There are moments of great humor and joy, but also sadness in the real-life stories about women featured in NOVA Center for the Performing Arts' production of “Quilters.”
The emotional roller coaster is appropriate for the subject matter — pioneer women overcoming adversity with humor and tenacity. Even though the show is set in the mid-1800s, many of the issues exist today. The production is part of NOVA’s long-running Rankin File series, which showcases stories written by and about women.
One of the featured performers, Jane Van Dyk, said pioneer women were really the first feminists.
"It's not a sweet story about nice old ladies. It's a story that resonates today and reminds us about how strong women have always been, and how they always managed to find their own voices," Van Dyk said.
The only male involved in the production is longtime theater director and costumer Gary Treglown, who is directing with the assistance of Lynn Al. The late Gerry Roe, who produced "The Quilters" 25 years ago at Rocky Mountain College, was originally set to direct but he passed away last September. “The Quilters” opens Feb. 9 and runs through Feb. 18.
Although he came to the project late, Treglown said he's awed by the authenticity of the script and the passion of the actors.
“It’s brilliant,” Treglown said. “I guarantee no one will leave here with a dry eye. It definitely piqued my sensitivity at times."
Important stories to tell
NOVA managing director Dodie Rife said the stories about women living in a male-dominated world and dealing with life’s struggles still ring true today.
“It’s important to tell these stories,” she said. “The show hits all those subjects that women dealt with then and now, the pressures of being a woman. Certain kinds of pressures create diamonds.”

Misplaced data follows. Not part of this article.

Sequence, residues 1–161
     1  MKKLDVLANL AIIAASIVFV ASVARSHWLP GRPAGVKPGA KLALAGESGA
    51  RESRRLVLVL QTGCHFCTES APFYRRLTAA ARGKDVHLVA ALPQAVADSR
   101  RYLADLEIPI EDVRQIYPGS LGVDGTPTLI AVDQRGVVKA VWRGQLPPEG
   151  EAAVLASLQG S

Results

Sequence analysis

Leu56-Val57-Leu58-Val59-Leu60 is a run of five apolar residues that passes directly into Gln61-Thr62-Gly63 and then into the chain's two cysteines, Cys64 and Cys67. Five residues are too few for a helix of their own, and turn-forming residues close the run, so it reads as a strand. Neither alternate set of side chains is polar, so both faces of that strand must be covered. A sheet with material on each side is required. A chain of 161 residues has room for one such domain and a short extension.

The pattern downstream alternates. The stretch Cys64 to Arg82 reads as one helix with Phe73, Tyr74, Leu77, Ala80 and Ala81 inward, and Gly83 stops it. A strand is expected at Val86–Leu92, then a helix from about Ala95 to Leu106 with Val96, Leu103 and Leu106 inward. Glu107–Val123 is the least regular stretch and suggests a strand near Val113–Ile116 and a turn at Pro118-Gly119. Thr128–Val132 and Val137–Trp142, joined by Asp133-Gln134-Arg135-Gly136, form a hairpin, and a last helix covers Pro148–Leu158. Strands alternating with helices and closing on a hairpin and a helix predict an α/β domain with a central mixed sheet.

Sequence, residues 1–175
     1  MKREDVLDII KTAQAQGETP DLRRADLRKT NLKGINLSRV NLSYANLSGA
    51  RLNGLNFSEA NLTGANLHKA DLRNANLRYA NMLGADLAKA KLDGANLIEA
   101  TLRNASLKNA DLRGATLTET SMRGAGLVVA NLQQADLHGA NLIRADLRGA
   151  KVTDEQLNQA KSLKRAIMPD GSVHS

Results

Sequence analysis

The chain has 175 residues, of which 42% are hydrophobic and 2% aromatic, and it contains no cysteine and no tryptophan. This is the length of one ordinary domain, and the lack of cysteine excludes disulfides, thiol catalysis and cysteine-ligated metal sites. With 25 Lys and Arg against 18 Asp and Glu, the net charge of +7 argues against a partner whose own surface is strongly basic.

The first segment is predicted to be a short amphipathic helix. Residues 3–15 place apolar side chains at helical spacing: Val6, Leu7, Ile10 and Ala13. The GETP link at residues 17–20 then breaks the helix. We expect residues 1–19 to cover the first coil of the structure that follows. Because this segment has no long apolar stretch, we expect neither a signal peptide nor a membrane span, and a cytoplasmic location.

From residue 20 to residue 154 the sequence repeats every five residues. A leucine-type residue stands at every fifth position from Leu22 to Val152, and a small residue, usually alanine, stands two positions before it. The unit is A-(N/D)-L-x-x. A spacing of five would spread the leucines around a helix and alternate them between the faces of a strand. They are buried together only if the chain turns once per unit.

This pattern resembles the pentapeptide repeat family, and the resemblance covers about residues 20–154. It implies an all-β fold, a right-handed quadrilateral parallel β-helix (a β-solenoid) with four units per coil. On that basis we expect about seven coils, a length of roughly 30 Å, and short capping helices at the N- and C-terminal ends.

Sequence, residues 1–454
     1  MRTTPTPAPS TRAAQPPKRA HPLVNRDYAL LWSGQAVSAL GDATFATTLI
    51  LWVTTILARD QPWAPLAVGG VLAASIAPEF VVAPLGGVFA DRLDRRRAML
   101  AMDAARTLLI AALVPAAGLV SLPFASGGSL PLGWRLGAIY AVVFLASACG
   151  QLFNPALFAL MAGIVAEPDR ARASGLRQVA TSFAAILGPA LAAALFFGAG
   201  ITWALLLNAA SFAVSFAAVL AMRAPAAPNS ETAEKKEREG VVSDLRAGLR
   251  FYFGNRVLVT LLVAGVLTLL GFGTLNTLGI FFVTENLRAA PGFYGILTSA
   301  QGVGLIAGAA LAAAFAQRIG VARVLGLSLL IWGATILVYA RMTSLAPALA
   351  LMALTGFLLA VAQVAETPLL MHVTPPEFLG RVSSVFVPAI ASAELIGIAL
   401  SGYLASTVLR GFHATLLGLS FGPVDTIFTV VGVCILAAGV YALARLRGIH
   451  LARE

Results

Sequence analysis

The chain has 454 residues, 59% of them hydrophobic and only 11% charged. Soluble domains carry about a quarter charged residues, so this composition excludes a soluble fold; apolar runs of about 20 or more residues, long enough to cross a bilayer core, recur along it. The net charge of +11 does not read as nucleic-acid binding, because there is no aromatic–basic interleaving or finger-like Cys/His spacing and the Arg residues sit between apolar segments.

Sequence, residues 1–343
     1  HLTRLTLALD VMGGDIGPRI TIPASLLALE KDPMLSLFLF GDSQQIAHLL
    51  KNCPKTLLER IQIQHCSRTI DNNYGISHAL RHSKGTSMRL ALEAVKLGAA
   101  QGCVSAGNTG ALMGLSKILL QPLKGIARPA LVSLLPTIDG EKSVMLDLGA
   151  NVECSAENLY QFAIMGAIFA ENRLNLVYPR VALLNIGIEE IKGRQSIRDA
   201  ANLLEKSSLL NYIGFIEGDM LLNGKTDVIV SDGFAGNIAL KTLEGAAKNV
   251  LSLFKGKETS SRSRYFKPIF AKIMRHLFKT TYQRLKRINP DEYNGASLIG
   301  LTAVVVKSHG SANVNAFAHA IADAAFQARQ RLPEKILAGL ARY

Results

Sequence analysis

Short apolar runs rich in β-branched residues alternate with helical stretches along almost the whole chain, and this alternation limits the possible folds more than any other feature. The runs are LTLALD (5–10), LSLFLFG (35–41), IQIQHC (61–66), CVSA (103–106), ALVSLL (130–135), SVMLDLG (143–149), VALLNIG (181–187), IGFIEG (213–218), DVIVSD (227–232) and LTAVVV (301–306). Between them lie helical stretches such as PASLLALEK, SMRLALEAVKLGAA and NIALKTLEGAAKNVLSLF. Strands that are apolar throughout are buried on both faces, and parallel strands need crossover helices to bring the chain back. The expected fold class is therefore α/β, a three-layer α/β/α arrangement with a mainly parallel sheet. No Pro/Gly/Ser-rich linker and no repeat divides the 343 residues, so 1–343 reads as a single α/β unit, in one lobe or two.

The quilt is used a symbol in the musical, weaving the stories together using bits from the women's lives.
“All the time they are quilting. This is the societal glue that holds them together,” Treglown said.
The cast includes seven local women playing Sarah and her six daughters. They range in age from West High School student Mikayla Bullman to retirees, including Van Dyk. Other performers include Carolyn Clark, Kristy Dallas, Susan McCaughey, Kim Shroyer and Janie Sutton.
The women all act out different characters when they tell their stories. One minute, they may be portraying a husband and in another, they may act out a birthing scene.
"Jane tells a story about losing a husband in a railroad accident," Treglown said. "That happened to my grandfather in North Dakota."
Burying a child
During rehearsal Sunday night, Bullman clutched blue silk fabric to her chest, portraying a young girl telling about the neighbor woman losing her baby and how the special fabric is sewn into a quilt for the infant's casket. The stories reflect real-life experiences about girlhood, marriage, spinsterhood, twisters, fires, illness and death.
Kathy McLain is music director with Alicia Thomason on violin and Dian Hudak on guitar. Debra Gloor is stage manager.
Twenty-one songs, some based on hymns, are featured in the production, and many of the harmonies are so complex, each of the seven performers sings a different part.
Sutton, who performs as one of the daughters in the show, said the music is challenging, even for experienced performers like Sutton, who has been in several locally produced operas and musicals. All seven performers are on stage throughout the two-act musical.
“It’s definitely more trying than shows where you go backstage between scenes. You have to stay focused throughout the show,” Sutton said.
Since the show will be performed in NOVA’s Black Box theatre, audience members in the front row will be an arm’s length from the cast.
“That is the hope — that you feel like you’re there with the cast,” Rife said.